Federal Court Dismisses $40 Billion Suit
FOR IMMEDIATE RELEASE
May 7, 2010
CONTACT: Hedy Weinberg, ACLU-TN Executive Director, 615-320-7142
GREENVILLE, TN – In a case that reinforced Americans’ right to criticize the government, a federal court this week dismissed a lawsuit against peace activist Dan Frazier, who was being sued for selling anti-war t-shirts over the Internet. The ruling ensures that Frazier, who was represented by the American Civil Liberties Union of Tennessee (ACLU-TN), will be able to exercise his First Amendment right to free speech by continuing to sell political t-shirts.
Frazier, based in Flagstaff, AZ, created a shirt that criticized then President Bush with the phrase “Bush Lied…They Died” superimposed over the names of 4,058 troops killed in the Iraq War. Through his on-line store www.CarryaBigSticker.com , Frazier sells the t-shirts and contributes a portion of each sale to an organization that benefits families of fallen soldiers. The parents of a soldier listed on the shirt filed a lawsuit in 2008 seeking over $40 billion in damages. The suit also sought to force Mr. Frazier to remove the names of the troops from his t-shirts.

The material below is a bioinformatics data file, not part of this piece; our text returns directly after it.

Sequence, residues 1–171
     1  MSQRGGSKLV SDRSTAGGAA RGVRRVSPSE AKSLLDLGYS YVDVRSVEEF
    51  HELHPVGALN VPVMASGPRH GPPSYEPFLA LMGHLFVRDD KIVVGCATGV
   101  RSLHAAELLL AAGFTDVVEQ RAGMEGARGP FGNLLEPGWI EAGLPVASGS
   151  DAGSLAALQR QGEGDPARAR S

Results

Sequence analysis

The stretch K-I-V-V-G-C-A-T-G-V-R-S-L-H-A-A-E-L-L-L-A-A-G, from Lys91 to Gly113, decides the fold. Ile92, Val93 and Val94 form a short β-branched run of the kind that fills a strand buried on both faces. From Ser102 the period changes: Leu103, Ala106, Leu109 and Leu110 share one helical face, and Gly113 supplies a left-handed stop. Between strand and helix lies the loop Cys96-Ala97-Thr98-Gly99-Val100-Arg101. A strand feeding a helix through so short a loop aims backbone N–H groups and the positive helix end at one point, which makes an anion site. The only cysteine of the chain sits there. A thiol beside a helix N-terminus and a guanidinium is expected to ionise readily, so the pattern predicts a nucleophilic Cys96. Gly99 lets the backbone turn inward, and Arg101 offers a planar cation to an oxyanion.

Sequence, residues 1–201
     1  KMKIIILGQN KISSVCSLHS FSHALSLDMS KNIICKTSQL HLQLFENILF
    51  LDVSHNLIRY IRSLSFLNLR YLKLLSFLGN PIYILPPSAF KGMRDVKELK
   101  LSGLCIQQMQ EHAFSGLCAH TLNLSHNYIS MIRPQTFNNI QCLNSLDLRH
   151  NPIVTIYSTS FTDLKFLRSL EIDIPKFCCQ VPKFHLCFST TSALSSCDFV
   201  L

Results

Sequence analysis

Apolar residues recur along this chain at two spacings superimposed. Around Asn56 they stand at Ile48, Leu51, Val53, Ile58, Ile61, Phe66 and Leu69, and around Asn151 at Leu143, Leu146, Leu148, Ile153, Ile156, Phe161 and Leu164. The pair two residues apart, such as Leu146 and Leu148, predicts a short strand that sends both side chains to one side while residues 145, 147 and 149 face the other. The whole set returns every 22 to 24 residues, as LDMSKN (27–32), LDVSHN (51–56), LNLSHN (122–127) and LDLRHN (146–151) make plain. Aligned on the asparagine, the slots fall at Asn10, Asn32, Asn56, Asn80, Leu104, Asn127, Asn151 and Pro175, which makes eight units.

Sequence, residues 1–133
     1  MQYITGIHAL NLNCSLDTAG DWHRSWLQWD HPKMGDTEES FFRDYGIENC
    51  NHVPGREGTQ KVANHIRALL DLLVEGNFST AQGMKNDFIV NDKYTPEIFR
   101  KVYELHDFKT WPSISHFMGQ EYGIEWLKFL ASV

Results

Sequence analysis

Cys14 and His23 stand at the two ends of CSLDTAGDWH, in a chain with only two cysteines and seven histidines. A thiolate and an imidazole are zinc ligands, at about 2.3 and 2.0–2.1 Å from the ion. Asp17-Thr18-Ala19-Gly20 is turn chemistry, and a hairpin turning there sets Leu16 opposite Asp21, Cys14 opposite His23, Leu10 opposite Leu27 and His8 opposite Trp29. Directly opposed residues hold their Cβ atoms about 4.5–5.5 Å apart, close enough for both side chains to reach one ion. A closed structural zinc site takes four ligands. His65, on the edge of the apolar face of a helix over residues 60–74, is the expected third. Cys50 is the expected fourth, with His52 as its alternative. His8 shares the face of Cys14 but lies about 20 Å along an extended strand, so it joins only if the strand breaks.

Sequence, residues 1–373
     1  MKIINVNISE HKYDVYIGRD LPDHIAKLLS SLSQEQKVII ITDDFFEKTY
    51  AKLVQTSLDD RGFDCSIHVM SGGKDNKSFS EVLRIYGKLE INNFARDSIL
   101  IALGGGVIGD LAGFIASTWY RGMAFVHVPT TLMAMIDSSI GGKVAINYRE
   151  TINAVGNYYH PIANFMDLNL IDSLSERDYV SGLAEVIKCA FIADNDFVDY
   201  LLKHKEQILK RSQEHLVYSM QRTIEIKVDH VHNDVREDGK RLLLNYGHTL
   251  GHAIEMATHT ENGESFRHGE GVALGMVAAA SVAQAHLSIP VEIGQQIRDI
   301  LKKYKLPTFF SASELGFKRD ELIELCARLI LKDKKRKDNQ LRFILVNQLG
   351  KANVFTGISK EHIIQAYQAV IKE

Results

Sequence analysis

“In America, we honor our servicemen and women when we defend First Amendment liberties,” said Tennessee National Guard Staff Sergeant and two-time Iraq veteran John W. Heacock. “Soldiers swear an oath to defend the Constitution, and by upholding these hard-earned freedoms, even when that may be unpopular, we honor that commitment and the many sacrifices of our men and women in uniform.”
Judge Ronnie Greer wrote, “The defendants are correct that exercising free speech in criticizing the government is not outrageous…The views expressed by the defendants may be unpopular and even offensive to some people, but they do not rise to the level of legal outrageous conduct.” The Court further found that Frazier did not use soldiers’ names to endorse or encourage others to buy the shirts, but “to make a political statement, which is an exercise of free speech.”
“Our sympathy goes out to the families of fallen soldiers,” said Tricia Herzfeld, ACLU-TN Staff Attorney. “But this case goes beyond this particular shirt to the larger issue of chilling protected political speech. We cannot let our emotions jeopardize the free speech rights of Mr. Frazier or others who want to speak out against the war.”
Mr. Frazier’s free speech rights have been under attack since 2007 when the Arizona State Legislature passed a law prohibiting the use of the name of any solider, alive or deceased, on any item for sale without permission of the soldier or a legal representative. The ACLU of Arizona filed a lawsuit on behalf of Mr. Frazier and successfully challenged the constitutionality of the statute.
The case, Robin Read, et al. v. Lifeweaver, LLC, et al., was heard in the United States District Court for the Eastern District of Tennessee.
A copy of the opinion can be found here.